If you have ever visited Rome, Venice or Florence during the summer you might have gotten the impression that Italians had fled their country in order to make room for the Americans, Swedes, Germans and Japanese who fill the streets with their brand new cameras and desire for Italian art and ice cream.
Italy without tourists can be found in the Tuscany region of Chianti, less than than a two-hour drive from the airport in Florence. On my way through the region, some friends and I stopped by a small village called Radda for lunch and found on Via Roma Street one of the few places that wasn't closed for the midday siesta (a short nap taken in the early afternoon). Unable to speak Italian, I communicated with the head chef in gestures and a few words of Spanish, managing to order two portions of pasta.
The pasta – which I without hesitation can call the best pasta I've ever had – was served straight away along with a decanter of red wine which we hadn’t exactly ordered but were not unhappy to see coming our way. Looking at the other tables in the small restaurant, it dawned on me why the chef hadn’t bothered asking us what we wanted to drink in the first place: what other than red wine would you drink in a place like this?
In addition to its beauty, Chianti is famous for its wine. Wine has been produced here since the fourteenth century and to maintain respect for the Chianti brand, local wineries have formed a league that designates only the best wines as Chianti Classico.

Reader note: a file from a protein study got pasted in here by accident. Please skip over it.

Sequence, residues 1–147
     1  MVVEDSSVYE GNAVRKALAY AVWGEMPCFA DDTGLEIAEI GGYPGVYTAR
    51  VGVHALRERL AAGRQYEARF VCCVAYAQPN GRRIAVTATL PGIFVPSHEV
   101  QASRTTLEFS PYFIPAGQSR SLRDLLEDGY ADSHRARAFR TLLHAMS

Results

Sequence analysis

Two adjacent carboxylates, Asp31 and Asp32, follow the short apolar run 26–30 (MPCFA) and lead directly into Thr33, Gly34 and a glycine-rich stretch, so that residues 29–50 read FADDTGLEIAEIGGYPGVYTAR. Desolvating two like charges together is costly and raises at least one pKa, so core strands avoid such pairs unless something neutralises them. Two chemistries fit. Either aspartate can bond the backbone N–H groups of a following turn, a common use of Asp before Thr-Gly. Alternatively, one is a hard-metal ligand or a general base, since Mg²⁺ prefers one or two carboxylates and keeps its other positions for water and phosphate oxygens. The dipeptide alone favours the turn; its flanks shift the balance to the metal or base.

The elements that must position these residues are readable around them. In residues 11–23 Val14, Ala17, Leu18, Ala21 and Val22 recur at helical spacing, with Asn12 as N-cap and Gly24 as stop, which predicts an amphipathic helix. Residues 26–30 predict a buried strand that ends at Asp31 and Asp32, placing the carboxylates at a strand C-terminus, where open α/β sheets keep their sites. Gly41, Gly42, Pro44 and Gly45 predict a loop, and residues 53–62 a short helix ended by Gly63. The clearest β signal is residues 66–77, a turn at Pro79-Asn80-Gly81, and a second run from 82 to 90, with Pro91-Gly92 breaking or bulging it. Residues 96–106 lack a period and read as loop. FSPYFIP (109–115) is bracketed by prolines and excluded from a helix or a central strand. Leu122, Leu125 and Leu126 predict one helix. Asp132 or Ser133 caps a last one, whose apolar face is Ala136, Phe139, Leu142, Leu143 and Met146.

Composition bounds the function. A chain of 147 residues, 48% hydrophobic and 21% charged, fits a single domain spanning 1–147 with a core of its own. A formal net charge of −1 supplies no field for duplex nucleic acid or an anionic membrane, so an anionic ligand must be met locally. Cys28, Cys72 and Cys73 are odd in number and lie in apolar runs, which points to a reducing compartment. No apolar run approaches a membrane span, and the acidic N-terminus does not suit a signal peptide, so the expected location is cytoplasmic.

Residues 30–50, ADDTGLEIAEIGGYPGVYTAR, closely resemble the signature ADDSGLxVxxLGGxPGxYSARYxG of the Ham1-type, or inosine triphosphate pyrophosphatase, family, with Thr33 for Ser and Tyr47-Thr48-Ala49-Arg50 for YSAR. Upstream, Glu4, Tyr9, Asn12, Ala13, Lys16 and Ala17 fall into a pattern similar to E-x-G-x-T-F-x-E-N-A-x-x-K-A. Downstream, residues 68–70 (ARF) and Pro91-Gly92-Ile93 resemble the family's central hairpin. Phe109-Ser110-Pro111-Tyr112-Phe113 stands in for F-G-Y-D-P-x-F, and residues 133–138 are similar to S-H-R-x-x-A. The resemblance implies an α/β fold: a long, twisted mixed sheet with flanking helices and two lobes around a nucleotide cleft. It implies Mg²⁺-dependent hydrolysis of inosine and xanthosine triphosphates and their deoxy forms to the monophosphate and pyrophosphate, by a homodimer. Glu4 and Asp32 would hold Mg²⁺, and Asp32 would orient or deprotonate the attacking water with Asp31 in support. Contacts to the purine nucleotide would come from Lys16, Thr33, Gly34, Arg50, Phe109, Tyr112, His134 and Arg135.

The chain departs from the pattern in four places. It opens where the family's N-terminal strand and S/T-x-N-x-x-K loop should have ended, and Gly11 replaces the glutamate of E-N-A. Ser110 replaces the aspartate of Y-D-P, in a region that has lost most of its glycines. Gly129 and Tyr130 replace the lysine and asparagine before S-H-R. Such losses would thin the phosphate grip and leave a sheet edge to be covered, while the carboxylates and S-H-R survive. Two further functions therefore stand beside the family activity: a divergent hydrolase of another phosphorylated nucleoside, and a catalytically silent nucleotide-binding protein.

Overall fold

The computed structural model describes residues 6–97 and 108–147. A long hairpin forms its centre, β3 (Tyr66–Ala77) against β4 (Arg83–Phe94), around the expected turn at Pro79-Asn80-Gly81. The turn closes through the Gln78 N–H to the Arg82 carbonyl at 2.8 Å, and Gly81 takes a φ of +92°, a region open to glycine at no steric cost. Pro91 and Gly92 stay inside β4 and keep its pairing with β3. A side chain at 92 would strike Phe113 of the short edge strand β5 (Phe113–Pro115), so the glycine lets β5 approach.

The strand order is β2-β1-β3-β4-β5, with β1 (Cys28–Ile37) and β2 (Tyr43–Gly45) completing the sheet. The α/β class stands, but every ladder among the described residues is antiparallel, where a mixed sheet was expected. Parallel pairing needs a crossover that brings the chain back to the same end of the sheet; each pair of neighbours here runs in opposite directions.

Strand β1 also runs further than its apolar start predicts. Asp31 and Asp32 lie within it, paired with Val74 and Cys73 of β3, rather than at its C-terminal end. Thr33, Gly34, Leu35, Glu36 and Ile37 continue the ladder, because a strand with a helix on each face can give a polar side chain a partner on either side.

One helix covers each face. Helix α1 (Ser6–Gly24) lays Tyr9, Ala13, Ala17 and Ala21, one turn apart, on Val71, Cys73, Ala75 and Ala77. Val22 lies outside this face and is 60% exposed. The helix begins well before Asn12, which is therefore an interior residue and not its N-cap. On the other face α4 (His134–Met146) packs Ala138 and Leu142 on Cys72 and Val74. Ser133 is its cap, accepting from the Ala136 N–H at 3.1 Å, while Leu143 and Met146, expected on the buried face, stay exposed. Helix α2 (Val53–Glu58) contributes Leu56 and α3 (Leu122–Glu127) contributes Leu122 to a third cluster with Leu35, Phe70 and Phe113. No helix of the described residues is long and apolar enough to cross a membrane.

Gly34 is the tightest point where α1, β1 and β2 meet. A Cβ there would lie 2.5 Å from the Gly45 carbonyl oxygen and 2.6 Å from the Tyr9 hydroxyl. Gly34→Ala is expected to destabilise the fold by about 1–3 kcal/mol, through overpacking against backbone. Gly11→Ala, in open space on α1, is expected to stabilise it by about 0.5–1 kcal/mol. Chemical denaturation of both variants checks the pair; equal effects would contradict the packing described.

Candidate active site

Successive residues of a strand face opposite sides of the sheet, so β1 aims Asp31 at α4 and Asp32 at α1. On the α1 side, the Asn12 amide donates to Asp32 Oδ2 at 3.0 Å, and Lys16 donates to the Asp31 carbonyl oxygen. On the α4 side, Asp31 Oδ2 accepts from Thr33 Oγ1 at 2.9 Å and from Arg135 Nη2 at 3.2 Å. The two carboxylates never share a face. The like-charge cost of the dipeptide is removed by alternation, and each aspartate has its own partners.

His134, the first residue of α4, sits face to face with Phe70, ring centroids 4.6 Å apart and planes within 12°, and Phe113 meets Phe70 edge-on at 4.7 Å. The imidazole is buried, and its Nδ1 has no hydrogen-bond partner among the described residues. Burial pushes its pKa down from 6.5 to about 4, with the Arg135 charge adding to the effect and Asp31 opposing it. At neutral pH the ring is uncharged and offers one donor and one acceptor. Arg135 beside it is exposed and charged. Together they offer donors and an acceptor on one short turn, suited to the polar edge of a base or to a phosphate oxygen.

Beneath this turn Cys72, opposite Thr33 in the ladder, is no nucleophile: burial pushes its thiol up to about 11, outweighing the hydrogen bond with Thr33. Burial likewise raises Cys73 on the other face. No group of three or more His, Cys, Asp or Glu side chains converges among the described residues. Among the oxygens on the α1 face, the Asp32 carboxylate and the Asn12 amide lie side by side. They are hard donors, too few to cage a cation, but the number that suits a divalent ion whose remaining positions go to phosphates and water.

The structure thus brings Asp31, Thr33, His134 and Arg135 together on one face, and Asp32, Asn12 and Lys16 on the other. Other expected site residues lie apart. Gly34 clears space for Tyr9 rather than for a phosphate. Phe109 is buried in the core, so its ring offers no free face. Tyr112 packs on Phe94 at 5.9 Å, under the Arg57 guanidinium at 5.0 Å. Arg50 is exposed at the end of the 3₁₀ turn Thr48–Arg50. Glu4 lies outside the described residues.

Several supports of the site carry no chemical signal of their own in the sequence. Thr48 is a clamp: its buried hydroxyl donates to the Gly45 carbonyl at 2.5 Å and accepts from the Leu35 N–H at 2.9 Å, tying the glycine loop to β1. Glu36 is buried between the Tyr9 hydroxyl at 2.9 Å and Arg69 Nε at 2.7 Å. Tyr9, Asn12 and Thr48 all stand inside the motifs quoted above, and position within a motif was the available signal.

So wine it was – for us as well for the rest of the guests in the restaurant: an old man behind me who looked like someone who had come here for pasta and wine every day for the past 40 years, the four businessmen in shirts and ties gathered at the table beside us eating as if they were due back at work after finishing their wine, and three friends of the restaurant owner who were seated in the corner drinking their wine as we entered and were sitting there, still drinking wine, when we left.
Having experienced the delicious Italian wine and cuisine, we left the restaurant feeling a bit closer to the Tuscan Italians. But then again, it could have just been the wine talking.